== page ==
Just about everyone who wrote a column in last week's edition of The Mirror used the opportunity to bid Publisher Jason Smith farewell and stroll down memory lane to cover his fine service here. For those who have been out-of-pocket the past month, Jason is now the VP of Communications for Joseph Still Burn Centers Inc.
Since it wasn't my turn to write a column and I missed the opportunity, I'll pick up with a column about the first Jason-less week. Here at The Mirror , it's been sad and quiet, unless you count all the questions we've been asking each other. We never realized how short our memory sticks were until there was no one here to yell across the room and ask. Jason was the most patient publisher, editor and boss I've ever worked for. He also was the most colorful, and I'm not just referring to his blue pants with red flags all over them. He had a way with words, and kept everyone laughing. He laughed the most, though. And the loudest. For a person whose job was supposed to be stressful, hearty laughter that often changed to hysterics and phased out to low, amused chuckles frequently came from his office.
When I first came to The Mirror , it was my first full-time job after being a stay-at-home mom for 15 years. Except for the free-lancing I did, my world revolved around ball practices, in-line skates and trying to serve more carrots than chocolate chip cookies. Having Jason as my boss to transition me from Neosporin-on-knees to notes-on-news was definitely a blessing from God.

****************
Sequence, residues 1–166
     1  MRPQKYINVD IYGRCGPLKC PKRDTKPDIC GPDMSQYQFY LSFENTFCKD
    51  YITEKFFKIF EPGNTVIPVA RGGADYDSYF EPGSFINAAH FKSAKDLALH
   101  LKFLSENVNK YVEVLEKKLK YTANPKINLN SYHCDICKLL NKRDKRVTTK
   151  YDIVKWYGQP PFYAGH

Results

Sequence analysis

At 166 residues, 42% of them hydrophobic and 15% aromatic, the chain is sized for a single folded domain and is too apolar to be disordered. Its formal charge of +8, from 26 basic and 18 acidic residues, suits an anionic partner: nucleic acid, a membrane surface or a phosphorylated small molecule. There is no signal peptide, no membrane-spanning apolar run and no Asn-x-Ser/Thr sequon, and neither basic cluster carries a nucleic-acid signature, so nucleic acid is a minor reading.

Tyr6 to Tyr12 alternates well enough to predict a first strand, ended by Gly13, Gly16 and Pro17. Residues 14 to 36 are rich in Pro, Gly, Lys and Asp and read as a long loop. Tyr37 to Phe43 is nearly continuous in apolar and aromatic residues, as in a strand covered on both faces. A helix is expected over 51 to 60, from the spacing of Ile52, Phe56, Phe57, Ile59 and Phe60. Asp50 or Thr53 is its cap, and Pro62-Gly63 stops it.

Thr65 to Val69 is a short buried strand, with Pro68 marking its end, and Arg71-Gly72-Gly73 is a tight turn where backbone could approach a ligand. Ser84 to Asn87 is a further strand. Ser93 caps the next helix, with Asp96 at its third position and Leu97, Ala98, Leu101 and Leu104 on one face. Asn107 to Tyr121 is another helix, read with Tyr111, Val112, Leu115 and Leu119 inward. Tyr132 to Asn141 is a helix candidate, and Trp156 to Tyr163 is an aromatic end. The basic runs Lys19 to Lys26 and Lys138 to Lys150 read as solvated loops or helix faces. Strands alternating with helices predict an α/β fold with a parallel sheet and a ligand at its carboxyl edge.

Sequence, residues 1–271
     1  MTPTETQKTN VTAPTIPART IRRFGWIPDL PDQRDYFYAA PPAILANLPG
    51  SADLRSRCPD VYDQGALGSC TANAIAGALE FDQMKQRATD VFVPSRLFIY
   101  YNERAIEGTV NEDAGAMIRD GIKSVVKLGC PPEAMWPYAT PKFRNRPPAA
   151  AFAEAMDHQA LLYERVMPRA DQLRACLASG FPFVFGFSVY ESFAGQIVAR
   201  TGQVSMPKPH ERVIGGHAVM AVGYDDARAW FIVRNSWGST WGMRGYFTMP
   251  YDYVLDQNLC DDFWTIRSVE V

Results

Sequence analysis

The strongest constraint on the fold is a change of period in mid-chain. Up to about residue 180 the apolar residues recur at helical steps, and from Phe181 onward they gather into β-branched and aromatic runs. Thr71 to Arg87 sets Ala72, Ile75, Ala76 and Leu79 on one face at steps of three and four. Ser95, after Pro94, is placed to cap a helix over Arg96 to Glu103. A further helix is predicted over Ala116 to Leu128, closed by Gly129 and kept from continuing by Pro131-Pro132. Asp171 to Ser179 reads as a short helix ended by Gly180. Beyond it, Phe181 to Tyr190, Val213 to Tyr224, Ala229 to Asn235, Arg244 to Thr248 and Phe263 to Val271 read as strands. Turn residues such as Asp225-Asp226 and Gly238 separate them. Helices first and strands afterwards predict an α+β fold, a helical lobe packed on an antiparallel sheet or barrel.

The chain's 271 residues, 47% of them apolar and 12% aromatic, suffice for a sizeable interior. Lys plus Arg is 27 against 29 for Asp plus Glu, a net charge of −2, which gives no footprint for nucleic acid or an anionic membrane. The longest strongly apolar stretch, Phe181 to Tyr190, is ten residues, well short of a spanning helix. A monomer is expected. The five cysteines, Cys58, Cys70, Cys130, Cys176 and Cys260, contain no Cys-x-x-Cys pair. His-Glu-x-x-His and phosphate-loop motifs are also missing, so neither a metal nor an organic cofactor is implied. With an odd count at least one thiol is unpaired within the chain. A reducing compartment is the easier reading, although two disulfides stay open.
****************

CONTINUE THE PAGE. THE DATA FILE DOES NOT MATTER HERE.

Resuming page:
Fortunately, my new interim publisher is also a blessing because I've worked for him before. Barry Paschal is serving as The Mirror 's publisher until a new one is hired. I wrote for Barry long before I wrote for Jason. He definitely knows what he's doing, as is obvious from the success of his paper, The Columbia County News-Times , and he's really easy to talk to and work with. And he's no stranger to McDuffie County. In fact, when he met with us last week, Barry told us he was born in the McDuffie hospital. That explains where that "down-home, friendly" personality comes from.
I was the recipient of some other down-home hospitality last week also, when I met with some residents of the Thomson Housing Authority. They showed me their garden (see the story on Page 1B) and loaded me down with the fruits of their labors. Actually, they were vegetables, but I like 'em just as much. My taste buds thank them. And if you're craving something sweet, visit the Housing Authority office on Thursdays and Fridays, when they have a bake sale to raise funds for their trips. Your taste buds will smile, too.